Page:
Review: The Dark Knight Rises

Directed By: Christopher Nolan
Starring: Christian Bale, Tom Hardy, Anne Hathaway


Typical of director Christopher Nolan, The Dark Knight Rises has the initial hit of satisfaction followed by the faintest of doubts that something was missing. Exciting, audacious, thematically rich, and yet somehow lacking that extra layer of greatness. Of course with further consideration, even a re-watch (Nolan is a studio’s dream), such concerns prove unfounded. Nolan is a master magician; look closer, it is all there. The Dark Knight may rise but for his alter-ego redemption must come at the ultimate price. His faithful butler and surrogate parent Alfred knew it, his lost love Rachel Dawes knew it, even The Joker saw it in his eyes; Bruce Wayne has been on a suicide mission since day one.

The Dark Knight Rises refuses to play safe; incorporating a cat burglar wearing a skin-tight cat-suit with pop up goggles to resemble cat’s ears, into a story arc that aims to take the character and world of Batman as seriously as possible, is dicey. Selina Kyle (Anne Hathaway) may never be referred to as Catwoman yet even those with a passing knowledge of comics and pop culture know exactly who she is. Bane (Tom Hardy) is a similar risk. A freedom fighter with almost superhuman strength and an absurd upper-crust accent, kept alive by a mask pumping anaesthetic into his pain addled body. Nolan makes us believe, however, because these characters do more than just power narrative, they power Bruce Wayne. Their inclusion in the trilogy is essential to complete his tale.

Tom Hardy as Bane. Like Batman, Bane is defined by his mask. Paradoxically it both protects his identity and defines it.

Costume designer Lindy Hemming helped ensure the Dark Knight series remained grounded by building each persona from the inside out. Bane of the comics is a wrestler but here he is a solider. His costume, comprised mainly of Swedish army styled shearling coat, military vest, combat pants and boots reflects a life lived in numerous coups throughout the world. His mask is function over form, though intrinsically menacing with tiny pipes forming the teeth of a Rottweiler. Batman’s suit remains unchanged because there is no reason why it would be. Bruce Wayne has hung up his cape, the very same cape he took off eight years ago. Selina Kyle might wear heels and a cat-suit but this nod to the comics is not without justification; serrated heels are not practical for running, but can act as a foothold for climbing and as lethal weapons when fighting.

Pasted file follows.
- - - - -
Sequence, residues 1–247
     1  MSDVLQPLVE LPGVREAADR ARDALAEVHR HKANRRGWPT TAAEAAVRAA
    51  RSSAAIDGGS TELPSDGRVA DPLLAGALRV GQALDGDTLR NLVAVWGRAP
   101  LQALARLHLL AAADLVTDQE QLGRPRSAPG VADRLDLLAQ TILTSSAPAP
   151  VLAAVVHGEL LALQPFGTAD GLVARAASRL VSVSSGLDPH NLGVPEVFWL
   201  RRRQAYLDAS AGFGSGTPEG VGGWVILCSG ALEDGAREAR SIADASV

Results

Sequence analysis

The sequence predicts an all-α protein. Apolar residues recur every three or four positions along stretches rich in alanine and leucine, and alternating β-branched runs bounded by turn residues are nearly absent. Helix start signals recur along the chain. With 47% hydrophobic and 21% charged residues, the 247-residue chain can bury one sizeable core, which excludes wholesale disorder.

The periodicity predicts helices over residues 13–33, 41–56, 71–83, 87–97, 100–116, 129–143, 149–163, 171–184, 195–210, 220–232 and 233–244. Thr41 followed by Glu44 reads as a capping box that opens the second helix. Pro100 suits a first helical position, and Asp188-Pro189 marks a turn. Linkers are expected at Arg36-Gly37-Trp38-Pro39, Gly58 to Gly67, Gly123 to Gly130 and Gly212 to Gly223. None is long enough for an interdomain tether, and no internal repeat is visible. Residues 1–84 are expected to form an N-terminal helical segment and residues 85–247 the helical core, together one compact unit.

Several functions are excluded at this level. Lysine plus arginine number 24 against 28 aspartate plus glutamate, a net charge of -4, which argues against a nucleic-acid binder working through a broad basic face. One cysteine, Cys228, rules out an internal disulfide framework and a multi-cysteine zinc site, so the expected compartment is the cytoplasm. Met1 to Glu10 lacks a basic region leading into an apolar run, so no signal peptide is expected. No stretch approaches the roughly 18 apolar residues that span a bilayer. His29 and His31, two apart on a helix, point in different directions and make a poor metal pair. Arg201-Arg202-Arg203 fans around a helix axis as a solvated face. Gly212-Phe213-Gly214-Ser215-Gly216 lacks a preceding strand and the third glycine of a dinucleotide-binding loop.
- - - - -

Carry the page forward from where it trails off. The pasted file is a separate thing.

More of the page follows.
While the film may edge close to three hours it does not outstay its welcome. If anything the running time could be longer to further expand the backstory of new characters, not least Miranda Tate (Marion Cottillard) whose motives are hastily explained during the final minutes. Physical action is everything expected; set pieces feel outlandish enough to push boundaries of believability without breaking them, even if the Bat plane is perhaps a space age indulgence too far. Despite frequent use of Hans Zimmer’s emotive score, The Dark Knight Rises is most effective during quieter moments of character reflection. Michael Caine’s dignified performance as Alfred brings out the very best in Christian Bale. It is sometimes easy to overlook just how well acted this trilogy is.

As Selina Kyle, Anne Hathaway wears dark colours and chic attire, allowing her character to easily swap identities. Her Catwoman night vision goggles with pop up ‘ears’ were Christopher Nolan’s idea, realised by Lindy Hemming and her team.

The deliberately uncertain ending is quite beautiful and reminiscent of Nolan’s Inception, again because costume reveals a poignant truth. Selina Kyle always wears black (prison jumpsuit not withstanding), it helps to flit between identities as a master of disguise, but in her last scene with Bruce Wayne at the Florence cafe she is in a blue linen dress. This could be how Alfred sees her; she might only be a figment of his imagination. If this scene is a daydream, Christopher Nolan has taken the ultimate step; he has killed Bruce Wayne. Perhaps in his universe it was the only conclusion that made sense; it was the only way the character could find peace*. Batman though is a symbol, even if he is gone what he stands for could never be eradicated. Gotham city will always need a hero…

The Dark Knight Rises was released on 20th July.

* Please see author’s comment dated 22nd July for qualification of this statement. Further discussion of the film’s ending with costume designer Lindy Hemming HERE.

You can watch Christian Bale in Batman Begins at

© 2012 – 2014, Lord Christopher Laverty.